I grew up in the western suburbs of Minnesota in the 80s. Mr. Rogers’ Neighborhood was a constant in those days, and I remember watching his puppets and that little red trolley with quiet reverence as I slowly popped warm raisins in my mouth. (That’s me in my Mr. Rogers fandom days!????)
Oh how I wish all of our neighborhoods could be like Mr. Rogers’…But they’re not. There’s pain everywhere. And my little suburb had it too.
In 1985 my parents got divorced, and this milestone impacted me deeply. It uprooted me, ping-ponged me between neighborhoods, and inevitably shaped the way I see the world. As I grew up, I continued to experience this “shuffling” since my mom switched jobs a lot. This meant more moves for me — more new homes, new neighborhoods, new people, and new schools. I went to eight different schools by the time I graduated high school!
Every time I entered a new neighborhood, I always felt the same: scared and nervous. It didn’t matter where we were (city or suburb), or who our neighbors were (white, black, Hispanic, or Asian), I always felt unarmed and wondered: What are those sounds outside my house? Are those people down the street nice? Do they want me to be here???
So many questions, so many fears, but I had to press in to them because I had no choice. Ultimately this turned out to be a good thing, because eventually those feelings would quell and I would make new friends and my new neighborhood would become home.
I tell you this now for two reasons:
- Anytime you get out of your comfort zone you will feel uncomfortable, awkward, or afraid. Every time. Expect it.
- Your discomfort is part of the process. Trust it. Trust in God.
Fred Rogers said, “There’s no ordinary life that is free of pain. It is the very fighting with our problems that propels our growth.” And friends, I believe God wants us to grow in big ways right now. He is asking us to branch out and make new friends. He wants us to experience someone else’s reality – in big and small ways; because in so doing, it will transform hearts.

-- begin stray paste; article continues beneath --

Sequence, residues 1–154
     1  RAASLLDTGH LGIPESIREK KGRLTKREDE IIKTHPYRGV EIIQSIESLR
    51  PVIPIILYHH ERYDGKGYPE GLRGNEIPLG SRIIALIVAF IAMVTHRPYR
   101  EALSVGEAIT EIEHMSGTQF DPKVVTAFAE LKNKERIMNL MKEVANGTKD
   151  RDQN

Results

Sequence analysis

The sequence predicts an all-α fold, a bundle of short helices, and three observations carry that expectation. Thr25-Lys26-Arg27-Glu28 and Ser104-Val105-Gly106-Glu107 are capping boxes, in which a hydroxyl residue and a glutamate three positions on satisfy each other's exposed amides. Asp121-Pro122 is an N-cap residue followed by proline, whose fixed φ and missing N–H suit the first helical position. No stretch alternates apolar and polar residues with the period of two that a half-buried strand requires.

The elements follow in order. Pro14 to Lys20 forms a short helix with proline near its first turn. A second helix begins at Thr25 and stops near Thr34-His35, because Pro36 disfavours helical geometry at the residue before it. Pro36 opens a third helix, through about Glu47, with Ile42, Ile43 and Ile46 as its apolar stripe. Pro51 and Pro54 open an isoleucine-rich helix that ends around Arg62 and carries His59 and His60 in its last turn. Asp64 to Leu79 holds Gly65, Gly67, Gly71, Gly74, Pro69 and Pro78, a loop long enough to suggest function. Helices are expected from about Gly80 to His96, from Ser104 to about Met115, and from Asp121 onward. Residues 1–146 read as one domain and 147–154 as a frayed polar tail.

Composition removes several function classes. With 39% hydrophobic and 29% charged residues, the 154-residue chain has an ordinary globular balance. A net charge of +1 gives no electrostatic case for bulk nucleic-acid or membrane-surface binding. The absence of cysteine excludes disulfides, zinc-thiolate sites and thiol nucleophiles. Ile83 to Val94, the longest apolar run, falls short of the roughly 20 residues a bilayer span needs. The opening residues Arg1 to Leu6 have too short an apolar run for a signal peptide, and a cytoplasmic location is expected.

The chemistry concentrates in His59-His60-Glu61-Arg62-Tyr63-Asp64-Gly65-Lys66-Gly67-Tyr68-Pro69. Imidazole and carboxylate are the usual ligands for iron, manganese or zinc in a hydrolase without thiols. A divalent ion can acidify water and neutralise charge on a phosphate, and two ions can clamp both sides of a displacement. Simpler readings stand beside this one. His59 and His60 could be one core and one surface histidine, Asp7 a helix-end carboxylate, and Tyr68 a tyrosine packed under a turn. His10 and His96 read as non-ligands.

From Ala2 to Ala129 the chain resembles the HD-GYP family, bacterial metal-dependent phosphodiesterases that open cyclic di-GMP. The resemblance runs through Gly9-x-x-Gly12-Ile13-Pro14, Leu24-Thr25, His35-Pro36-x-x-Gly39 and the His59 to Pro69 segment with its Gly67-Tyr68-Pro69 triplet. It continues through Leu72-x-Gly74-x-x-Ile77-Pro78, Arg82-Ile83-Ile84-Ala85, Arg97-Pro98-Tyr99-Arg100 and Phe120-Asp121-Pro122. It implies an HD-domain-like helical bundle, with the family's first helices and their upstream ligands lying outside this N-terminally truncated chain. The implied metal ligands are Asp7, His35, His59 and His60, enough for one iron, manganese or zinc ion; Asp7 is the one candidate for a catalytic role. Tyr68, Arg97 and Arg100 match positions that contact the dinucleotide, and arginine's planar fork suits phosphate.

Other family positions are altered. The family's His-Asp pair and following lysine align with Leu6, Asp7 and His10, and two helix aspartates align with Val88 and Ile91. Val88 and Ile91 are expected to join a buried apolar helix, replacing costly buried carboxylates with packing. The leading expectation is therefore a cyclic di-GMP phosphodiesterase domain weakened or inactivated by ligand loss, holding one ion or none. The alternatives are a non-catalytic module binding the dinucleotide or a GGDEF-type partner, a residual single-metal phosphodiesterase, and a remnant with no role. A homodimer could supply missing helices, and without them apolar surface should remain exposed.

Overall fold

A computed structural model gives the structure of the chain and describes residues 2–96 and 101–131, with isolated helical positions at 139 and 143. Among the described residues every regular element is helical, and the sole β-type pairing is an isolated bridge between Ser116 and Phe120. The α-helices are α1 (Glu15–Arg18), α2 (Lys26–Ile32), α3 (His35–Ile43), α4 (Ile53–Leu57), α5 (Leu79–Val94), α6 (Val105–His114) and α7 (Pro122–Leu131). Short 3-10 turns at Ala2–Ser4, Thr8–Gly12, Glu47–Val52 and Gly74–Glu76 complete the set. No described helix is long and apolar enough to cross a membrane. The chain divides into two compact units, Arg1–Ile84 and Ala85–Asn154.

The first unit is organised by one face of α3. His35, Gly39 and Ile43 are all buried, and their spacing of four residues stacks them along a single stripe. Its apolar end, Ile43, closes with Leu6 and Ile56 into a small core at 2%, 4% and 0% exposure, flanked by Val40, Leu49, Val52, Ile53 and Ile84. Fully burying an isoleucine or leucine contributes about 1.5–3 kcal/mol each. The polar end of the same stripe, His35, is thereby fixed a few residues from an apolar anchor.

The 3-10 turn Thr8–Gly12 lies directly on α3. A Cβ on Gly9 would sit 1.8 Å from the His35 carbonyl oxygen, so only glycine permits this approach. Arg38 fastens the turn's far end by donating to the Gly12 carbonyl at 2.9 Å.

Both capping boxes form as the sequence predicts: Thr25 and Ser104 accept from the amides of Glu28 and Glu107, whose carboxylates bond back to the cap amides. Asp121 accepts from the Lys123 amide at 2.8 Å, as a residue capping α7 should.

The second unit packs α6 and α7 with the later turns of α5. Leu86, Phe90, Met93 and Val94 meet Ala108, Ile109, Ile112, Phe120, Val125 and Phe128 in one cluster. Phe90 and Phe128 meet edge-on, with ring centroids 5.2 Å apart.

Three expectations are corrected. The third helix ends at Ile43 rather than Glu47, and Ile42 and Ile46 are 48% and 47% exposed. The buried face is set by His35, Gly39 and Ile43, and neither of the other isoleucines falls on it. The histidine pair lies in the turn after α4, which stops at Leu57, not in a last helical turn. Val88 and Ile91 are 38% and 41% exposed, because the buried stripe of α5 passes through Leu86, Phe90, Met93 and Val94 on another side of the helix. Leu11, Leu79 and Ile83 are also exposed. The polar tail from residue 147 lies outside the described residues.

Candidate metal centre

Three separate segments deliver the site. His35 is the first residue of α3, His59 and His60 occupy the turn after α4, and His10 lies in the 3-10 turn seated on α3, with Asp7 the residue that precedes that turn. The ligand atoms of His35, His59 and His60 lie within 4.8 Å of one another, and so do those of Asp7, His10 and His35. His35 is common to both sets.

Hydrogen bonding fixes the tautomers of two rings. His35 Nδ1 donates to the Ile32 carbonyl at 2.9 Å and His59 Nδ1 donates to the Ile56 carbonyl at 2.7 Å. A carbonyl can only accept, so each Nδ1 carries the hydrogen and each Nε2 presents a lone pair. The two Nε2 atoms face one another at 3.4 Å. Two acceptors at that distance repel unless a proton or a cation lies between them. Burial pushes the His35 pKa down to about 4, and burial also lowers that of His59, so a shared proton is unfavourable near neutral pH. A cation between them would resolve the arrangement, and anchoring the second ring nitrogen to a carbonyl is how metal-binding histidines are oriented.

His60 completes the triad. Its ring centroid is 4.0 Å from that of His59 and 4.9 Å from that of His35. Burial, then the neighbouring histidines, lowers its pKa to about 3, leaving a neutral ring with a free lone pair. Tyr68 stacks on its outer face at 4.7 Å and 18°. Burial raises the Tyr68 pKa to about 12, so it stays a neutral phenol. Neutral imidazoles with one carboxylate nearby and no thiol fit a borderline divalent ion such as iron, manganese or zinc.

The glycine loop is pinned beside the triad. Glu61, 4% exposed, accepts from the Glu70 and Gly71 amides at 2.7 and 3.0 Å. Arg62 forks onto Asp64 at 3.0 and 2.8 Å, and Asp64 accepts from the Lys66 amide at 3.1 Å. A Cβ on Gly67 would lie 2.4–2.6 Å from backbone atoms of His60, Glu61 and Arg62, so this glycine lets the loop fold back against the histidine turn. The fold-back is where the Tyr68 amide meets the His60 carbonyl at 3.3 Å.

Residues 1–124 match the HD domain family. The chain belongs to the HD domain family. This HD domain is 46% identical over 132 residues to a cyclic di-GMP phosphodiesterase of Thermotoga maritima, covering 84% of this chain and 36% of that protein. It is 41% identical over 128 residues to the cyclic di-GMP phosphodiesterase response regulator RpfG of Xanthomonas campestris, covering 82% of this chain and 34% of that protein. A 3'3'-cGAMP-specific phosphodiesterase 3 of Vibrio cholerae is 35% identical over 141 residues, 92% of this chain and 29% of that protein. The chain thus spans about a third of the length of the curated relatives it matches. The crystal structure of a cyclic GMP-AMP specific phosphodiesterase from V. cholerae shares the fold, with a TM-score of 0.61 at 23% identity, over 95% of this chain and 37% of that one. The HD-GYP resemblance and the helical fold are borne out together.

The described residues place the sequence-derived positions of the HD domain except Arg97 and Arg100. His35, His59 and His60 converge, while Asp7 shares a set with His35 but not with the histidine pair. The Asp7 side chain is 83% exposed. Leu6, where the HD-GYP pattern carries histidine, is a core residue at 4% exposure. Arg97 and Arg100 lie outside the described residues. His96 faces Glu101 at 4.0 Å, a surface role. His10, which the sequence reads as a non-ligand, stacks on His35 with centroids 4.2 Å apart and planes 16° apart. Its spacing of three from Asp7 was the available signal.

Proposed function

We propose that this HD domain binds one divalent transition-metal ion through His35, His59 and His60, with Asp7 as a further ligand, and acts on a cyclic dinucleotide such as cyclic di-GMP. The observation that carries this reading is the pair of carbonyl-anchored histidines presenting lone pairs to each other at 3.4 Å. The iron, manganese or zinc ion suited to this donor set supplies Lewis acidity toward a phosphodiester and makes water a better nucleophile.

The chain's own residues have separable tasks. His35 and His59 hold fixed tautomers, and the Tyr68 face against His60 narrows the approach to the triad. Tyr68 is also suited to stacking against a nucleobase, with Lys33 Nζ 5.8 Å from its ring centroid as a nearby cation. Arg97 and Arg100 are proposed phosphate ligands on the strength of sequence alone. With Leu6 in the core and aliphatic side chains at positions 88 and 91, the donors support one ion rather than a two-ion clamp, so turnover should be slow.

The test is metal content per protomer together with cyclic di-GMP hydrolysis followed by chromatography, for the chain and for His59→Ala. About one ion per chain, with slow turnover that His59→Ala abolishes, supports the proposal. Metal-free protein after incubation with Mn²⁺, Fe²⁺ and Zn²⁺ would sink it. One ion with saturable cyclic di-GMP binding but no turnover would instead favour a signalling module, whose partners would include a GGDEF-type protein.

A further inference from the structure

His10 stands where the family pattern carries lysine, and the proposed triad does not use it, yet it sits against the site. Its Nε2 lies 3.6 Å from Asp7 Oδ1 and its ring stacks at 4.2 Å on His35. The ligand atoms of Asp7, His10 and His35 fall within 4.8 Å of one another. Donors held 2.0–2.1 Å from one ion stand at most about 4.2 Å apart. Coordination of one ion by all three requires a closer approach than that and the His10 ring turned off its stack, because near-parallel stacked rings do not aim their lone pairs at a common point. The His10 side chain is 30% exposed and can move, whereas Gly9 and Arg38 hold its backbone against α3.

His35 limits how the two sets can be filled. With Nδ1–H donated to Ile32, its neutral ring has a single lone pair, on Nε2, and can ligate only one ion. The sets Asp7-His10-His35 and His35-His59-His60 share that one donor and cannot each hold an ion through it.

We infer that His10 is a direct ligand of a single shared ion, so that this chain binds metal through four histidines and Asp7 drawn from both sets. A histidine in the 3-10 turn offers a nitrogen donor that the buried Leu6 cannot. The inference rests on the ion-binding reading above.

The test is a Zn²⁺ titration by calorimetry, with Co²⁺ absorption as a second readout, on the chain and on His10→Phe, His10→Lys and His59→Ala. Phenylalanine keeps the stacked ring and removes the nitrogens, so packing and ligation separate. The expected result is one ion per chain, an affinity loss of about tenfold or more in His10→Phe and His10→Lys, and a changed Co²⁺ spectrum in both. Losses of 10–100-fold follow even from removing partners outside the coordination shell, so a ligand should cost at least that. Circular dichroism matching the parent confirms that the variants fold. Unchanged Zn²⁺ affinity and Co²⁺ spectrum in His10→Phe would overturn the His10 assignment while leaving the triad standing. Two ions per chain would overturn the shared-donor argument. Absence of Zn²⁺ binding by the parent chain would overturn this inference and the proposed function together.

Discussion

This happened to me recently when I went to North Minneapolis to drop off goods in support of the recent destruction that had happened there. Immediately when my husband turned into North, I felt that familiar feeling of being “out of place”. My guard went up a bit and doubts crept in…
We eventually parked, and I got out of the car. The intensity and smell of sweat and ash encompassed me…and for a moment I thought, You don’t belong here.This isn’t your home. No one wants you here. All lies! So I pressed in…
I pulled my three heavy bags out of the trunk and awkwardly shuffled them from hip to hip. Not a minute later, a young man started walking toward me. He had long black dreads peeking out from underneath his white-brimmed hat; he carried no smile, no way for me to know his heart, and then….
“Can I carry your bags for you?”
It was so simple yet so loving; naturally, I said yes.
We walked over to the donation spot and talked about our neighborhoods …….. and then we walked BACK to my car since the donation hub had been full. And as he placed my bags near the trunk of my van, he smiled and said, “God bless you.”
God bless you!
Talk about beauty! Talk about the Holy Spirit! That young man was the hands and feet of Christ to me WHILE I was trying to be the hands and feet to someone else!
Isn’t that just like God? Isn’t that how he moves? He’s not bound to a specific neighborhood, economic class, skin color, or educational status. He doesn’t pass judgment, feel afraid, or choose to stand still. HE GOES TO THE WELL, just like that young man came to me (John 4:1-42).
Friends, this is good news! This means God is already at work! He’s everywhere. He’s in the local churches and organizations; he has boots on the ground in Minneapolis, Spring Lake Park, Wayzata, Duluth, and beyond. And he’s asking us to partner with him: will we take this chance to expand our horizons, make new friends, and help local leaders TRANSFORM MN?
That’s what Mr. Rogers did. He got out of his comfort zone to implore kindess and love at every turn. Jesus did this too … and so should we.
(To read more about Fred Rogers’ “Radical Kindness”, read THIS ARTICLE and watch this 2 minute video. I‘d encourage you to watch it with your kids, too, so you can discuss the many ways to say “I love you” to your neighbors, new and old.)
Jonna Meidal is a mother to 3 girls who seeks to parent them by the fruits of the spirit (and her Quiet Hat). She’s been to 20 countries (yay!), loves to write & laugh (a LOT), & can’t get through the day without eating popcorn (duh!). You can read more of what she’s been up to at jonnameidal.comor follow her adventures on Instagram @jonnameidal.